What makes a work of literature a classic?
Photo: SV Klimkin. Source: Morguefile
Mark Twain called a classic a book everyone wants to have read, and no one wants to read. We remember them from high-school: big, scary tomes with strange titles our teachers all said were full of wisdom. We really, really tried to get through them. Some of us actually did. But whether it was the 25th character named Ivan in a Tolstoy story, or a sentence in James Joyce’s Ulysses that went on for three pages—I really wanted my 9th-grade English teacher to try diagramming my 12th-grade literature—most of us got lost at some point and gave up.
And yet those works still stick around. Not because English teachers have a mean streak, but because these books offer insight and wisdom into the human condition: understanding that goes beyond the crisis of the moment, wisdom that goes deeper than shallow sound-bites. We share a common humanity. Great literature—books and poems that have endured for centuries—express this in a way that comes alive. That’s why Homer and Dante and Shakespeare stay relevant centuries after they were written.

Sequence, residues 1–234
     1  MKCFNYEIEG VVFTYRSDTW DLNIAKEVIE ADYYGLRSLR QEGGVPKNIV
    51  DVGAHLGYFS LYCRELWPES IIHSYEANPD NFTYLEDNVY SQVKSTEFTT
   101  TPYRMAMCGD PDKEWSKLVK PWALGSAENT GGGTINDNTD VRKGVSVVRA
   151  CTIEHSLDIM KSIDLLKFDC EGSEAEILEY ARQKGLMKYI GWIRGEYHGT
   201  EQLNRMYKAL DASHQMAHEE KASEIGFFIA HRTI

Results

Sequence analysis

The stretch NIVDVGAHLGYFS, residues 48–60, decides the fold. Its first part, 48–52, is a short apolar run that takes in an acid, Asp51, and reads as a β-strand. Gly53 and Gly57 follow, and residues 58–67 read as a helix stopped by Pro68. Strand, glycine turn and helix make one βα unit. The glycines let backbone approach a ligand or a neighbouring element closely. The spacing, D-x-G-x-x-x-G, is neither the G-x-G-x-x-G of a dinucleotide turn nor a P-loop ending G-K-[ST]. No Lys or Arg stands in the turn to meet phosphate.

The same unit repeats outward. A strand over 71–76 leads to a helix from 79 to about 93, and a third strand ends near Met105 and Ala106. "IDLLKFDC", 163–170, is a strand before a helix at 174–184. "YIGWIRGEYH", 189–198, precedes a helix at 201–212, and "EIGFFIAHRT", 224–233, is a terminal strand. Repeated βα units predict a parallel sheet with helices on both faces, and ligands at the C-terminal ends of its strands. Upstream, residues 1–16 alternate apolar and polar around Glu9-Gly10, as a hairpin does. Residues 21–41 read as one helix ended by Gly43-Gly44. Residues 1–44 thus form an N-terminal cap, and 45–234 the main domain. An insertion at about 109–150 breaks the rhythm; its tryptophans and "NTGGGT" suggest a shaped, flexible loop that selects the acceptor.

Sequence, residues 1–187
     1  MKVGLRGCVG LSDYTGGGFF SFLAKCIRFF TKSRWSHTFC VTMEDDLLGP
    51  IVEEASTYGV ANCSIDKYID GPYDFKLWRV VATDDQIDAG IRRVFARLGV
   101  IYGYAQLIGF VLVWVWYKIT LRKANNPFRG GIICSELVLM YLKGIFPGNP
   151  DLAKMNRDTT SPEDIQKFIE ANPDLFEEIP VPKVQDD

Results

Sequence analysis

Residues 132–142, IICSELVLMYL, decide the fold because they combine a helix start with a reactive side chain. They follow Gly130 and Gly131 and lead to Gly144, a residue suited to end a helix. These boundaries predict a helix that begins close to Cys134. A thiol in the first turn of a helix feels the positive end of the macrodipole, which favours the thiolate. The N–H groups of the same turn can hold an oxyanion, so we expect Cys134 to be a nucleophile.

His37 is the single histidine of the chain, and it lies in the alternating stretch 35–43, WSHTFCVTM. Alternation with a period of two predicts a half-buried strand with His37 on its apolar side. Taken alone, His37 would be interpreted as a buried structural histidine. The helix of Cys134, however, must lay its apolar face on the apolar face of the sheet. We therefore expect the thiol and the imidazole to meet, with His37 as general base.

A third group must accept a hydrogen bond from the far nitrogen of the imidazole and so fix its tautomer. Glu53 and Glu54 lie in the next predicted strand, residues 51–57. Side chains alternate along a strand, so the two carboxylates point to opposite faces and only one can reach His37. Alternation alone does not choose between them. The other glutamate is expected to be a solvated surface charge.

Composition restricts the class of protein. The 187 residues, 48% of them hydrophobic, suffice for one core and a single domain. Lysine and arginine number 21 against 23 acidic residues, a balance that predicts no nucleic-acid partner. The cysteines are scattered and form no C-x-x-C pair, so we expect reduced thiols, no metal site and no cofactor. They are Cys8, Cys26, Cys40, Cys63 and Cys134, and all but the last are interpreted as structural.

Portrait of Dante by Botticelli. Source: Wikipedia
It’s no surprise that these wonders of the world of words have insight for investors. Literature is a reflection on human nature; investing is an exercise in understanding human nature, and the results are written in dollars and cents, not grammar and syntax. By re-reading these great works—more than the Cliff’s Notes summaries—we can gain insight into ourselves, and greater understanding of how investing works—or doesn’t work.
Great authors understand more than just money and math and investing. They offer a vision into what makes us tick. If we study these classics, who knows? We may even want to read them.
Douglas R. Tengdin, CFA
Chief Investment Officer